"Why do members of parliament only have 4 minutes to get back to vote on a bill?"

When members of parliament are required in the Senate or House of Representatives for a division—a counted vote—the bells ring for 4 minutes. This allows members enough time to get from wherever they are in Parliament House to either the Senate or House of Representatives in time to vote. If a second division is called straight after the first, the bells are rung again for only 1 minute.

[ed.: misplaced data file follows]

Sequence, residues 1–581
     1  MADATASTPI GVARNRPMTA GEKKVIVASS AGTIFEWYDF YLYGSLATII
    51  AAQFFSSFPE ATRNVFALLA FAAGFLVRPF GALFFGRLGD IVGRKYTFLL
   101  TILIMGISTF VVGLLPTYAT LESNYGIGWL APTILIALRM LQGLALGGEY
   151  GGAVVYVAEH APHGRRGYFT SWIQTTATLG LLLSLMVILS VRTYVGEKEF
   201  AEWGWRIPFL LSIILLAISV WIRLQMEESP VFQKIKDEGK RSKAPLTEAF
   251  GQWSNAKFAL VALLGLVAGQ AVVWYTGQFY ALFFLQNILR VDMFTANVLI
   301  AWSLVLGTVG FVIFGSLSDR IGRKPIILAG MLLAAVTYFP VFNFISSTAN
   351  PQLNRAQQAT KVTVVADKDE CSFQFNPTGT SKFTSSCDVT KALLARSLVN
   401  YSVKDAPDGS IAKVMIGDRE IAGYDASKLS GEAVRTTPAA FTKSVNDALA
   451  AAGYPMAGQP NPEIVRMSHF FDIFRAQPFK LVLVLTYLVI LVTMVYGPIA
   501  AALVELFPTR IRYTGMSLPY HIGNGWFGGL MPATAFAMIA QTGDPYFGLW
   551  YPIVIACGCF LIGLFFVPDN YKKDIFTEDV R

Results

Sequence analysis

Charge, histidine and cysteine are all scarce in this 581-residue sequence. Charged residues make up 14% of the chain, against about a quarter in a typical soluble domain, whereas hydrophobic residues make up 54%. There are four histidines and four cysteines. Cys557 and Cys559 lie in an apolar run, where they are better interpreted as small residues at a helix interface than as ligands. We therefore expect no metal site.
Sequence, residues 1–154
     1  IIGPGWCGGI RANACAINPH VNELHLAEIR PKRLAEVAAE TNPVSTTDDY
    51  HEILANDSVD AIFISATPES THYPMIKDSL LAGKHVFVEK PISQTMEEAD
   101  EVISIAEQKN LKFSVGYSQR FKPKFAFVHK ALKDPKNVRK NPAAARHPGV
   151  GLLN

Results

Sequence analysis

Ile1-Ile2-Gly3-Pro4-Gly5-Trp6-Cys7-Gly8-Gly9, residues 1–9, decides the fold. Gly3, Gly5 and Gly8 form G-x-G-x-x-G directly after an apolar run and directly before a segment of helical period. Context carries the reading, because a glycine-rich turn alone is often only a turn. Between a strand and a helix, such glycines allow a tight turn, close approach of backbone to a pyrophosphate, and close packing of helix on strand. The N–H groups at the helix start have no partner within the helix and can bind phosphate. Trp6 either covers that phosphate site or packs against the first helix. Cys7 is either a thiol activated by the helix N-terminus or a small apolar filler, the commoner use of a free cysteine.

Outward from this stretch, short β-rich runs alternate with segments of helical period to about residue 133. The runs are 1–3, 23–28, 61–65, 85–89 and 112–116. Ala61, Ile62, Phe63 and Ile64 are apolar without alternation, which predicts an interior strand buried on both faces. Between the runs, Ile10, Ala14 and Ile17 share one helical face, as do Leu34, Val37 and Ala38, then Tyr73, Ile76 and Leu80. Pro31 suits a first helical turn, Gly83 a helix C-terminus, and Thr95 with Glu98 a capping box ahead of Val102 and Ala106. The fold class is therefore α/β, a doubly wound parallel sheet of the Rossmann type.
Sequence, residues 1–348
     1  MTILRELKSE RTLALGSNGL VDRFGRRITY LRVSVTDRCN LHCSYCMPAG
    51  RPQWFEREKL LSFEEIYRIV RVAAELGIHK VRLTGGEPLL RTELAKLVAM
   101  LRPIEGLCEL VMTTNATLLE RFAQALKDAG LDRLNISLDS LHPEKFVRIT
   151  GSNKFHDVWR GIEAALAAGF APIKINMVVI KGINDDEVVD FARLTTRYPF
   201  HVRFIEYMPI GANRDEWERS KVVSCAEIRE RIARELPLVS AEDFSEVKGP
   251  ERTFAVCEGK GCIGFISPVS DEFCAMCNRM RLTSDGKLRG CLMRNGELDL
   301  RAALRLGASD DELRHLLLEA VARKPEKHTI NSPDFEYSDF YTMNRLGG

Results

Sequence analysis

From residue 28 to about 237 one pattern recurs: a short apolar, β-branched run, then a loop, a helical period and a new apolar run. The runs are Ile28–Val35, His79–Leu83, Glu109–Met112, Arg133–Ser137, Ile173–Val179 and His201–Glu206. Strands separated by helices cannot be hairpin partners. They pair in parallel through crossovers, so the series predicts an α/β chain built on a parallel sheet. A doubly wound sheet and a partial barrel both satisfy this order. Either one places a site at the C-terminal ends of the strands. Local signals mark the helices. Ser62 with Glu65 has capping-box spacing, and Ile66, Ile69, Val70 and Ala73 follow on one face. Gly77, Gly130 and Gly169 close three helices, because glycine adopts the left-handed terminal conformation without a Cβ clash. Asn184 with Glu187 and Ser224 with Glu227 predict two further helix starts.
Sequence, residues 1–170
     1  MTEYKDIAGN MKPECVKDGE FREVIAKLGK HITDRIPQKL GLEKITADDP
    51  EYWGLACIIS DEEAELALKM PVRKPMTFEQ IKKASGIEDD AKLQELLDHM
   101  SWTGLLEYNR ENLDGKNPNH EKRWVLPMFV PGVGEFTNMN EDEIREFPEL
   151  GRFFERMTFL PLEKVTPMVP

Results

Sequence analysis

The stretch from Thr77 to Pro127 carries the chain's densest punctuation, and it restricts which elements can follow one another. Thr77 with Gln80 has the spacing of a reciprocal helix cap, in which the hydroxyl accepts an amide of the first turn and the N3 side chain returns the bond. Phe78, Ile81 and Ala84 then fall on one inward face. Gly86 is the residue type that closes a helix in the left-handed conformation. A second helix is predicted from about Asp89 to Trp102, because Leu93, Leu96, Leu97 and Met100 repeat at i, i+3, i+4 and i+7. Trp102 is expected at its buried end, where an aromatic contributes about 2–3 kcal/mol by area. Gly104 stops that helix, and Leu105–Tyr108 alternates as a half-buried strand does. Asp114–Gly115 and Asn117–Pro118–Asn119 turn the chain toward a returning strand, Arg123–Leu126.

Members of parliament (along with all other building occupants) are alerted to a vote being called by the bells and lights that sound and flash in the over 2700 clocks throughout the building. After the bells have finished ringing, the doors to the Senate or House are locked and all members who arrive after the doors are locked cannot vote in the division.

For more information see our fact sheet on Voting in Parliament.

diagram to help explain Why do members of parliament only have 4 minutes to get back to vote on a bill?